Fast forward to now and disc two contains four brand new tunes that show that can still rock out, with “Pray” having a pounding rhythm and plenty of melodic sweetness, nothing has changed and that is a good thing. Possibly my favourite of the four new tracks, “Did You Ever” shows that it was a good decision to reform, the sound still there with more guitar/keyboard interplay and plenty of changes to be found within the tune. Finally, “This Road” has a nicely distorted guitar reminding me of early Magnum, not a band that gets much mention in the Terrascope but there you go.

   So, a good selection of tunes from a band that never had that elusive hit single or killer album, not essential but definitely worth hearing after a couple of beers.

(Simon Lewis)



(CD/LP/DL from http://www.occultation.co.uk/)

Having released two albums, two EP's as well as playing several multi -media shows The Revolutionary Army of Jesus disappeared under the radar for 18 years, re-surfacing just recently to play some new shows and oversee a boxed set of their earlier albums. So well did these events go that the band decided a new album was a worthwhile project and this collection was born.

     Using samples, a wide range of instruments and plenty of friends, as well as a spiritual outlook and sense of the mysteries that surround us, this album is a thing of great beauty and passion, the music and sampled words working together in an emotional way that will stop you in your tracks on occasion, forcing you to listen and replay.

    Ushering us in with Latin and an aching musical background, “Song of the Soul” slowly expands its horizons, strings and vocals unfolding around the listener until you are fully immersed, percussion keeping you grounded as your spirit takes flight. With a gently rolling piano, “All Is grace” is equally as delightful the music rising into a droning chant before receding once more, the simplicity of the music its strength, emotion at the heart of this track and every other on the album.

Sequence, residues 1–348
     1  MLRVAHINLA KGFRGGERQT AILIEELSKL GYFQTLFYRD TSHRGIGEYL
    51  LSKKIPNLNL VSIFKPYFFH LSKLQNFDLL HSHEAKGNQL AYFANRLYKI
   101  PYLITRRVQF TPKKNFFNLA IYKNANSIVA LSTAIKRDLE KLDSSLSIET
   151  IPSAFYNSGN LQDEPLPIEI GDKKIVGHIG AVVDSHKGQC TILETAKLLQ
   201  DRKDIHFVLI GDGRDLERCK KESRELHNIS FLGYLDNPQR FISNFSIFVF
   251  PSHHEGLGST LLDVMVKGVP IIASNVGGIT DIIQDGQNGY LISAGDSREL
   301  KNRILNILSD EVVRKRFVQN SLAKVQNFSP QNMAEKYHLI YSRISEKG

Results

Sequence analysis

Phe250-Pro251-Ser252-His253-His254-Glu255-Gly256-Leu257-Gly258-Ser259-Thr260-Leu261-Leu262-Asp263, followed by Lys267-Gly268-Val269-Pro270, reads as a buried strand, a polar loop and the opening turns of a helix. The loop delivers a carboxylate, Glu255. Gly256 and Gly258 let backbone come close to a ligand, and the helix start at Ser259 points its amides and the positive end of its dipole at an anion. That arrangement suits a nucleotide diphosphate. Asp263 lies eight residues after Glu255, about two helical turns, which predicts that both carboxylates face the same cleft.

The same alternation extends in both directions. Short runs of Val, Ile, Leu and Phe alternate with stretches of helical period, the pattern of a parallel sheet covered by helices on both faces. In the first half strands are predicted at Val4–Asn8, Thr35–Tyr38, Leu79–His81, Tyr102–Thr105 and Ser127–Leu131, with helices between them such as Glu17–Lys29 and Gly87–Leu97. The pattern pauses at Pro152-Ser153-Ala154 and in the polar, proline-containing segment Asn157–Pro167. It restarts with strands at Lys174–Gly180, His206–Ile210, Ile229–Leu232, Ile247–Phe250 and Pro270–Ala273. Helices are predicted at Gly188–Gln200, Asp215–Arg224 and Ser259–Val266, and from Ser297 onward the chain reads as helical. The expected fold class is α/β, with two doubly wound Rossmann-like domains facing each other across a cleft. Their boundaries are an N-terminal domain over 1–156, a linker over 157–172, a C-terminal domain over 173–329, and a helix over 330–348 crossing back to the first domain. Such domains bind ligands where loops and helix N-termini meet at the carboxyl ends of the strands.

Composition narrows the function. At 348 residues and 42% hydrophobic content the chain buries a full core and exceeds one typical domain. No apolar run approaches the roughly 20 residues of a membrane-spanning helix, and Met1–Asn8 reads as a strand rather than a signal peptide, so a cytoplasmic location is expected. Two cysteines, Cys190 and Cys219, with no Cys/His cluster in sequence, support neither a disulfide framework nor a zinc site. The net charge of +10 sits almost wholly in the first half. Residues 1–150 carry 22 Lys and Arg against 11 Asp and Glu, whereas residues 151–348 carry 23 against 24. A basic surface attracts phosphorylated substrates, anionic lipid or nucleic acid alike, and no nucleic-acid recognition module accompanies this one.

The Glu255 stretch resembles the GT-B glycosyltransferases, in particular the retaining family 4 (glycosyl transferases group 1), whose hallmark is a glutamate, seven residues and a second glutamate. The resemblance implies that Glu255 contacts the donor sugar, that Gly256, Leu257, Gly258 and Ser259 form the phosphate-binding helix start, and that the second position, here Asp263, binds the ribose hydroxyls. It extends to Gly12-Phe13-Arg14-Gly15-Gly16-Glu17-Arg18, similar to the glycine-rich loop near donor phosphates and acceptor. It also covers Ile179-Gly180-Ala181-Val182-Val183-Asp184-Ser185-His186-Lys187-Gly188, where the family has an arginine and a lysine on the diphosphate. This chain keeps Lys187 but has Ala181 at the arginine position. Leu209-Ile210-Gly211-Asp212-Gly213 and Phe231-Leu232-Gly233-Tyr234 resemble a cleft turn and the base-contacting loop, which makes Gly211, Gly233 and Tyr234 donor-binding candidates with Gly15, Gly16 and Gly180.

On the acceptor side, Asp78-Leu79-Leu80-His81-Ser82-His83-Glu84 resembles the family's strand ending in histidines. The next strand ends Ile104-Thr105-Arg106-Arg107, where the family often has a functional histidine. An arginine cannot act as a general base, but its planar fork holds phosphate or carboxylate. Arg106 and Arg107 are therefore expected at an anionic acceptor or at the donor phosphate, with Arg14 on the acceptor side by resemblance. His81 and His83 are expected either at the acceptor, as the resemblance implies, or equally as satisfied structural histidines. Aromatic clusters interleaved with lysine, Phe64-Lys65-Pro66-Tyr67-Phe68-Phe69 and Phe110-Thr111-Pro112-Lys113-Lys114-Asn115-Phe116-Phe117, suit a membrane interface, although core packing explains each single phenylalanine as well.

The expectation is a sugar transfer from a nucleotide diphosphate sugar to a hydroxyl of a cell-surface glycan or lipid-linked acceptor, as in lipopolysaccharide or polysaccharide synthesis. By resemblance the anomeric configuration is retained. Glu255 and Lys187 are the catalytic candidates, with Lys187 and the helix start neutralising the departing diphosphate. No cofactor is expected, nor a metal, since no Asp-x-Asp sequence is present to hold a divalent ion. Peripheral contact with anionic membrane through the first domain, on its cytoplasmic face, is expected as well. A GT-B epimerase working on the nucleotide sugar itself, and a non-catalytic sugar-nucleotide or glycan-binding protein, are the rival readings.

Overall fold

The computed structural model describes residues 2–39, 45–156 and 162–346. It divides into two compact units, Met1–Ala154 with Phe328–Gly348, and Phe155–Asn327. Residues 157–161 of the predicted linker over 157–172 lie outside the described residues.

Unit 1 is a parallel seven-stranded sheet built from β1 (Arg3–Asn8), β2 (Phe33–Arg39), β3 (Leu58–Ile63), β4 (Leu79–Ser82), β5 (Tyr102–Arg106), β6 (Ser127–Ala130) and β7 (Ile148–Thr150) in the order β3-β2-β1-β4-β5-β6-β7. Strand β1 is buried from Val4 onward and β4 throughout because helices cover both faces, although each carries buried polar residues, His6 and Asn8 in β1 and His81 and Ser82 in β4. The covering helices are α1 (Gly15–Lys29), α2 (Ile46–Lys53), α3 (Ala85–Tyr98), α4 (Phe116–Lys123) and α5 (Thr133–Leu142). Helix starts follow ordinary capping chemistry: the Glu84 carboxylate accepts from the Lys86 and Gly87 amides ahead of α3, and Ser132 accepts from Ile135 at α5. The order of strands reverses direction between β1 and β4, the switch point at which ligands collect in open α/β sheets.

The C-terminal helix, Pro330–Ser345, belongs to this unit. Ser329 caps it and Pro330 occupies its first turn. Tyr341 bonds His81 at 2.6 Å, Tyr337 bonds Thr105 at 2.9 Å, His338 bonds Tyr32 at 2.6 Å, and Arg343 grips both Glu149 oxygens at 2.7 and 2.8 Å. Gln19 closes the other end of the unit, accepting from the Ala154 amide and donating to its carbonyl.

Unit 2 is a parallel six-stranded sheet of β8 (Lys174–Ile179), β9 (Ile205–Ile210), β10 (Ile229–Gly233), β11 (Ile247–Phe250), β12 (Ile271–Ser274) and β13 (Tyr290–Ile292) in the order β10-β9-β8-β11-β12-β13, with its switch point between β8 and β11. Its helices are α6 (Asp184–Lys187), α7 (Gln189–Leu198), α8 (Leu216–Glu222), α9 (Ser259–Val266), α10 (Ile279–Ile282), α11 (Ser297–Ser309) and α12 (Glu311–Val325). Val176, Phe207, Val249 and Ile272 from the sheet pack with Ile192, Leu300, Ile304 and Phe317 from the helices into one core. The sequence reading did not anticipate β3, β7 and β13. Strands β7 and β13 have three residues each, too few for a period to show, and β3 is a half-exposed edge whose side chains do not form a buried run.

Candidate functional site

With a more traditional song based structure, “Apres Le Temps” remains beautiful, whilst “Procession” is an incense fuelled mix of drone, chant and percussion, reminding me of music from “666” (Aphrodites Child), or “Earth” (Vangelis), both albums having a similar feel to this one.

     Quite possibly at the centre of this album is the quote/sample at the beginning of “Bright Field”, words so powerful that they force you to listen again, sadly the CD offers no clue as to their origin and maybe that fact actually maintains their purity and sense of wonder and truth, the music that follows equally as emotional, the instrumentation singing of missed opportunities and a longing for home.

    As the album moves on we remain deep within the mystery, a sense of longing, of searching for something ever present, with the piano on “A crowd of Stars” offering classical motifs that float under the lyrics and poignant melodies, whilst “Before the Ending of the Day” slowly leads us out, as if in procession, a slow sweet dirge complete with ringing bell and sense of divine ritual.

     It is hard to compare this album with any other current music, but fans of United Bible Studies will surely enjoy this almost sacred collection that is beautifully crafted and deeply personal. (Simon Lewis)